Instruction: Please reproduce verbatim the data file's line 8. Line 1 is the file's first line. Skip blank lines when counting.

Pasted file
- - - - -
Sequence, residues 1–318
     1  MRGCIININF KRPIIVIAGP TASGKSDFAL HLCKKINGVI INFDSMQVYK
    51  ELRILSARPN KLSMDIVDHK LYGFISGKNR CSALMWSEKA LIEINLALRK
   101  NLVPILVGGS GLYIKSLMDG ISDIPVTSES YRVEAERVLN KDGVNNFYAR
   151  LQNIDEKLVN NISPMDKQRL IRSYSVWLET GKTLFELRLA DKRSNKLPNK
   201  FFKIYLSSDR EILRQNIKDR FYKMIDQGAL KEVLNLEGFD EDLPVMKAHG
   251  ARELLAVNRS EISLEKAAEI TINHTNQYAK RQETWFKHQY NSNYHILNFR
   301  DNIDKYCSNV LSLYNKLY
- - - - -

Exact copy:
   301  DNIDKYCSNV LSLYNKLY